In 1927, 21 years after The Jungle, Upton Sinclair published Oil!, a Bildungsroman about Bunny Ross, heir to an oil fortune. Bunny’s father is a self-made man, so the boy grows up pulled between worlds: that of the well-to-do, the fancy social circles that his sister aspires to; that of his father, a no-nonsense, hard-nosed businessman; and that of his truest friends in the world, Paul and Ruth Watkins, country working-people.
Unfortunately, the best parts of the book are really before the Bildung begins. At the opening of the novel, Bunny is 13 years old, and he accompanies his father on all his business trips. They are driving together to a new town, to make a deal on an oil lease and begin a new well. Sinclair is not a great prose stylist, but the drive up and down a mountain pass in the fog, the stop to put chains on the tires, the avoidance of the speed cop, are all vividly told. A clear picture of this opening journey is still in my mind as one of the most memorable parts of the book. Bunny’s relationship with his father, and his father’s whole character, are laid out perfectly here. Not a word Dad says when he gets to the meeting with the property-holders comes as a surprise, we know him so well.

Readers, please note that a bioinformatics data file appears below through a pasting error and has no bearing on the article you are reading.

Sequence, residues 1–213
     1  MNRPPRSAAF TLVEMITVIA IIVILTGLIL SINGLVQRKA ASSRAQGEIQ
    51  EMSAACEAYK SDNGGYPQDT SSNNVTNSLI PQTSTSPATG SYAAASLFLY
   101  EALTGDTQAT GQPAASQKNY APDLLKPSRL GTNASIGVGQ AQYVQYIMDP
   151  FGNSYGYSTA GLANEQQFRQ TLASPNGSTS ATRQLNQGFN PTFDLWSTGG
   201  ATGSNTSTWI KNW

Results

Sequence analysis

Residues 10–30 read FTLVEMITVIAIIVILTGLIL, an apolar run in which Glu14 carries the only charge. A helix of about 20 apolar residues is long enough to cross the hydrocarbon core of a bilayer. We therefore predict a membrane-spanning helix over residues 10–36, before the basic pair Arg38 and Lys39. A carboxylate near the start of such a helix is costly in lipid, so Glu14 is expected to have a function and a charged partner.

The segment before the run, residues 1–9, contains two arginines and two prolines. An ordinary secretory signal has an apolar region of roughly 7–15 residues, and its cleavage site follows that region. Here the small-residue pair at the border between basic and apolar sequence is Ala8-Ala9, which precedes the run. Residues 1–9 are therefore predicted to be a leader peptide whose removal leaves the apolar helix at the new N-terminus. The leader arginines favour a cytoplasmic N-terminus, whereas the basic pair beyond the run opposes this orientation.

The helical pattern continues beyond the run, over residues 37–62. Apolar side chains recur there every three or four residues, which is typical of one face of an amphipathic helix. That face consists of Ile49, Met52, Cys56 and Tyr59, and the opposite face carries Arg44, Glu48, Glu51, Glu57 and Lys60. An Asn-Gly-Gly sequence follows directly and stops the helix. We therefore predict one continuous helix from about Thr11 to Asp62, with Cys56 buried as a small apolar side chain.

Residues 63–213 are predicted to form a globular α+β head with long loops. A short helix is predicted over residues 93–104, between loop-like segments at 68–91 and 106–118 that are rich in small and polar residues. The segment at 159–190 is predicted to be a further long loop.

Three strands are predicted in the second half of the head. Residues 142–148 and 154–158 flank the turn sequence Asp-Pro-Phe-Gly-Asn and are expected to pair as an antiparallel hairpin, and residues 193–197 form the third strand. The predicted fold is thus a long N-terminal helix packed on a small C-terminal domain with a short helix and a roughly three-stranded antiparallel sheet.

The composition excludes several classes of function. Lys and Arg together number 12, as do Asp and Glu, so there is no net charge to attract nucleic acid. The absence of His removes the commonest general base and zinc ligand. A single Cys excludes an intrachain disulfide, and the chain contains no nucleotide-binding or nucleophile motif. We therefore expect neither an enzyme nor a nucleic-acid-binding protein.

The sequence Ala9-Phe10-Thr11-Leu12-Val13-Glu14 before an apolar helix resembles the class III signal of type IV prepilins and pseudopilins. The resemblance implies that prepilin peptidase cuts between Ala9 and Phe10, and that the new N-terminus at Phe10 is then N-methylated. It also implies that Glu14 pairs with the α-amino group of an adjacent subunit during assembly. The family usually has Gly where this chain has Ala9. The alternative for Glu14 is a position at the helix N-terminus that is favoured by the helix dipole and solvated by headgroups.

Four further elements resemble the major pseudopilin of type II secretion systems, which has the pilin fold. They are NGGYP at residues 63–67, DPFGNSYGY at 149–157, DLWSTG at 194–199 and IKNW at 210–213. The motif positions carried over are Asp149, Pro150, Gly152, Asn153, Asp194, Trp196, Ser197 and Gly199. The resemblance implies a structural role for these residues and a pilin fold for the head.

Not a word the property-holders have said to each other does, either, if we are honest. The episode in Mrs. Groarty’s house is excellent too, and an integral part of the move from motor journey to oil well. The scene: there’s a gusher on a nearby property. The members of a whole subdivision have come together to make a community agreement that they will only contract as a group with a drilling concern, thus as a larger lease to get better concessions.
This document had been duly recorded in the county archives; and now day by day they were realizing what they had done to themselves. They had agreed to agree; and from that time on, they had never been able to agree to anything!
The community is cut-throat, of course. Everyone is suspected of taking kickbacks from the oil companies, and the division of royalties is an issue. Should we blame these simple people?
Their frail human nature was subjected to a strain greater than it was made for; the fires of greed had been lighted in their hearts, and fanned to a white heat that melted every principle and every law.